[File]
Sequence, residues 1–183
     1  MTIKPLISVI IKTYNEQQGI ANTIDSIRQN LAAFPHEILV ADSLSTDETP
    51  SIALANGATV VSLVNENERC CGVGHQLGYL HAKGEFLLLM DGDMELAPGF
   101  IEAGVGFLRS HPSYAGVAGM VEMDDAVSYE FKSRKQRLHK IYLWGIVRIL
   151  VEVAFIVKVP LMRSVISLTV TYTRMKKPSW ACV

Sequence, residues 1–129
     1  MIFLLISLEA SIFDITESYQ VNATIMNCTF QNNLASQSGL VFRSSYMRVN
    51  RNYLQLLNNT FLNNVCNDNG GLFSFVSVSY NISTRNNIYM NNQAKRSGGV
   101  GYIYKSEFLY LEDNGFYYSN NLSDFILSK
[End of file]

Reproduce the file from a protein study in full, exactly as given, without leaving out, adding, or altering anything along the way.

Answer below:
Sequence, residues 1–183
     1  MTIKPLISVI IKTYNEQQGI ANTIDSIRQN LAAFPHEILV ADSLSTDETP
    51  SIALANGATV VSLVNENERC CGVGHQLGYL HAKGEFLLLM DGDMELAPGF
   101  IEAGVGFLRS HPSYAGVAGM VEMDDAVSYE FKSRKQRLHK IYLWGIVRIL
   151  VEVAFIVKVP LMRSVISLTV TYTRMKKPSW ACV

Sequence, residues 1–129
     1  MIFLLISLEA SIFDITESYQ VNATIMNCTF QNNLASQSGL VFRSSYMRVN
    51  RNYLQLLNNT FLNNVCNDNG GLFSFVSVSY NISTRNNIYM NNQAKRSGGV
   101  GYIYKSEFLY LEDNGFYYSN NLSDFILSK